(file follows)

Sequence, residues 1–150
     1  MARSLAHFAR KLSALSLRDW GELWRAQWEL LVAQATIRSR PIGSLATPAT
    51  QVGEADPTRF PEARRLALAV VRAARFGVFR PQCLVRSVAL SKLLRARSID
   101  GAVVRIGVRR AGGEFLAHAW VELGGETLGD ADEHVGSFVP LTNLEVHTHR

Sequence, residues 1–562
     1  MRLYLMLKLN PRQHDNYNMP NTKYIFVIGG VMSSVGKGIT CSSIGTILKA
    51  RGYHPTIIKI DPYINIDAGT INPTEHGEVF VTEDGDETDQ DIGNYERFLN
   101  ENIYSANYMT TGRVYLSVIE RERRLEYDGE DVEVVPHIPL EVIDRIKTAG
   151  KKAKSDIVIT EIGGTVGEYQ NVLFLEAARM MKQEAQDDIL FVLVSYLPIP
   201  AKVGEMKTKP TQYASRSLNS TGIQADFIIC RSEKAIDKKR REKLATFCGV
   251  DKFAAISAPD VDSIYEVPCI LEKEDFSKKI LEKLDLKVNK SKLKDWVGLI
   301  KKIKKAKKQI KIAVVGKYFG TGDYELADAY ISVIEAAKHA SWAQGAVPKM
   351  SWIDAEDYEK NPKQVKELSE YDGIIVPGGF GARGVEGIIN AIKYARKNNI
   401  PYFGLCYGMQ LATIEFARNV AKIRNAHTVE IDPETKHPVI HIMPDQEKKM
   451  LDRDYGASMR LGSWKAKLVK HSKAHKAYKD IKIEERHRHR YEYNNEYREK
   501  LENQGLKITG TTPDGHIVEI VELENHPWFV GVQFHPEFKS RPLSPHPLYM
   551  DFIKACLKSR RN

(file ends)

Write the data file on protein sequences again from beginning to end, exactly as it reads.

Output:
Sequence, residues 1–150
     1  MARSLAHFAR KLSALSLRDW GELWRAQWEL LVAQATIRSR PIGSLATPAT
    51  QVGEADPTRF PEARRLALAV VRAARFGVFR PQCLVRSVAL SKLLRARSID
   101  GAVVRIGVRR AGGEFLAHAW VELGGETLGD ADEHVGSFVP LTNLEVHTHR

Sequence, residues 1–562
     1  MRLYLMLKLN PRQHDNYNMP NTKYIFVIGG VMSSVGKGIT CSSIGTILKA
    51  RGYHPTIIKI DPYINIDAGT INPTEHGEVF VTEDGDETDQ DIGNYERFLN
   101  ENIYSANYMT TGRVYLSVIE RERRLEYDGE DVEVVPHIPL EVIDRIKTAG
   151  KKAKSDIVIT EIGGTVGEYQ NVLFLEAARM MKQEAQDDIL FVLVSYLPIP
   201  AKVGEMKTKP TQYASRSLNS TGIQADFIIC RSEKAIDKKR REKLATFCGV
   251  DKFAAISAPD VDSIYEVPCI LEKEDFSKKI LEKLDLKVNK SKLKDWVGLI
   301  KKIKKAKKQI KIAVVGKYFG TGDYELADAY ISVIEAAKHA SWAQGAVPKM
   351  SWIDAEDYEK NPKQVKELSE YDGIIVPGGF GARGVEGIIN AIKYARKNNI
   401  PYFGLCYGMQ LATIEFARNV AKIRNAHTVE IDPETKHPVI HIMPDQEKKM
   451  LDRDYGASMR LGSWKAKLVK HSKAHKAYKD IKIEERHRHR YEYNNEYREK
   501  LENQGLKITG TTPDGHIVEI VELENHPWFV GVQFHPEFKS RPLSPHPLYM
   551  DFIKACLKSR RN